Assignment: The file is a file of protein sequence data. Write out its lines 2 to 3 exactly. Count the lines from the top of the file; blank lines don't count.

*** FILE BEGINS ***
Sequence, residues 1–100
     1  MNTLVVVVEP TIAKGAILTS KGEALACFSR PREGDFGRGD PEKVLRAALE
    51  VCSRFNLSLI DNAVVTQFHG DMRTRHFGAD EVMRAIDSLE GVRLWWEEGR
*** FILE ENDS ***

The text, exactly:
     1  MNTLVVVVEP TIAKGAILTS KGEALACFSR PREGDFGRGD PEKVLRAALE
    51  VCSRFNLSLI DNAVVTQFHG DMRTRHFGAD EVMRAIDSLE GVRLWWEEGR